Ad revenue in the online world is based on clicks and impressions. For example, I have a relationship with Google that generally pays on clicks. I also have a relationship with Investing Channel that pays on impressions (views).
I do not pay anyone to direct traffic to my blog and I do not ask people to click on ads they are not interested in. Nor do I want them too.
On several occasions, I even reported myself to Google.
Because I accidentally clicked on an ad. It’s easy to do when scrolling, even on your own blog. I don’t pretend to be a knight in shining armor, but I do think honesty is the best policy.
On each occasion I reported myself, I believe Google made a small adjustment to my ad revenue, and theirs as well.
Here’s the question of the day: When tens or hundreds of millions of dollars of stock market valuations are on the line, does integrity go out the window?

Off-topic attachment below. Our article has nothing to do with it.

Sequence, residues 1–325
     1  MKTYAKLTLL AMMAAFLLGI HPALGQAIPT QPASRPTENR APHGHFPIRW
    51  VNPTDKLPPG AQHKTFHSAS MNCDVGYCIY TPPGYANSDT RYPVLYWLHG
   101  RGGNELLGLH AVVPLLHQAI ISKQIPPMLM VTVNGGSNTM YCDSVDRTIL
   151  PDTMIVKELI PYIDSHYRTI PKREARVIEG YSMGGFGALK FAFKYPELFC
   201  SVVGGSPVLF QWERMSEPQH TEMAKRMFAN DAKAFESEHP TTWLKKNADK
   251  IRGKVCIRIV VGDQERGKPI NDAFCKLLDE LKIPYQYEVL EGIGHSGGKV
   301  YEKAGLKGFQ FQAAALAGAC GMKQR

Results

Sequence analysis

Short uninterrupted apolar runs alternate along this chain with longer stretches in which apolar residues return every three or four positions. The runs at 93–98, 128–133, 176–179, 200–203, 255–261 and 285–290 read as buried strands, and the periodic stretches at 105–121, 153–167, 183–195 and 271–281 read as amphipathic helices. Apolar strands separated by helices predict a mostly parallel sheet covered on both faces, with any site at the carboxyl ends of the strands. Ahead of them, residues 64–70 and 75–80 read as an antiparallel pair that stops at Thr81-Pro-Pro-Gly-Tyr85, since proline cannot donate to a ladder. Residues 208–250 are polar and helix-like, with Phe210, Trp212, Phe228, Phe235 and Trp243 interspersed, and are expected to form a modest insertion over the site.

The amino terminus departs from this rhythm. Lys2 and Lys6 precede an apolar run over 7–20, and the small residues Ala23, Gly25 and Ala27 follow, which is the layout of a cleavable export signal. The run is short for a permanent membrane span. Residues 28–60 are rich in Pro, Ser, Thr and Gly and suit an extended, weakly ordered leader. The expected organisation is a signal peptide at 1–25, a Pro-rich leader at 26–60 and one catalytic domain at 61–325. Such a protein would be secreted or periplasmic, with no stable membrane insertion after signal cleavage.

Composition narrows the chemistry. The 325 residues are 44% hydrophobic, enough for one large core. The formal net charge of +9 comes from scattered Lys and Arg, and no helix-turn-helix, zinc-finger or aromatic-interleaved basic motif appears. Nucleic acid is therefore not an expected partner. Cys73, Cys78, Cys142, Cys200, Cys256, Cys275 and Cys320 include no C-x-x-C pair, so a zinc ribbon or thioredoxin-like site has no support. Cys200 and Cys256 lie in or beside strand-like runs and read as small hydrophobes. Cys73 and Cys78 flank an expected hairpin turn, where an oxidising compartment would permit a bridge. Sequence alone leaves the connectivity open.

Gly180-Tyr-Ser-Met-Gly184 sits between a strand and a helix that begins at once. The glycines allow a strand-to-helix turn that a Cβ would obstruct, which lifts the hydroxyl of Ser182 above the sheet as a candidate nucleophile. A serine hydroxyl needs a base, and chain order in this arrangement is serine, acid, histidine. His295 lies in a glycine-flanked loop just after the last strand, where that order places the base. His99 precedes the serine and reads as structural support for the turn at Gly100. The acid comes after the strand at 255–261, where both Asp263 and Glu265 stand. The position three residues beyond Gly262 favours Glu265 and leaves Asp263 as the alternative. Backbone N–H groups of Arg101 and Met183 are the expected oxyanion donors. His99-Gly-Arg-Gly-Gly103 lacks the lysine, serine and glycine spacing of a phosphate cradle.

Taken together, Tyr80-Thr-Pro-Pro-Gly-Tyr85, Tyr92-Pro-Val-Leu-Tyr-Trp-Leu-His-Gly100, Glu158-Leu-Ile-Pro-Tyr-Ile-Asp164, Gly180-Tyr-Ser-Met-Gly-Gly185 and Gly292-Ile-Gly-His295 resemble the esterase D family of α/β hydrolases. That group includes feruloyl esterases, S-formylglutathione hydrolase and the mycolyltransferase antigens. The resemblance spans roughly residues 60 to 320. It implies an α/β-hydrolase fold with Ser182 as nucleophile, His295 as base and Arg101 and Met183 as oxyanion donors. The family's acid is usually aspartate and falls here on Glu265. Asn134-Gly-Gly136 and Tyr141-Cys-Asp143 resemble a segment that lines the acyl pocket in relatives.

The following video brings the above question into play.
Link if video does not play: Facebook Ad Revenue Fraud.
Please play the video. It’s a real eye opener that is hard to describe. You will enjoy it.
Facebook vs. Google
From my experience, Google is very meticulous about weeding out fraud. If you pay money to generate clicks or impressions on your site, Google will drop you from its ad program.
If the above video is even in the ballpark, there are serious issues at Facebook. In general there are serious problems if you pay someone to “like” you or drive traffic to you.
Just moments after I made the above post, I received an email from Lenny Teytelman regarding his company’s experiences with fake “likes”: What do Facebook “likes” of companies mean?
The moral of this story is don’t pay for “likes”, don’t pay to have someone drive traffic to your site either.
Mike “Mish” Shedlock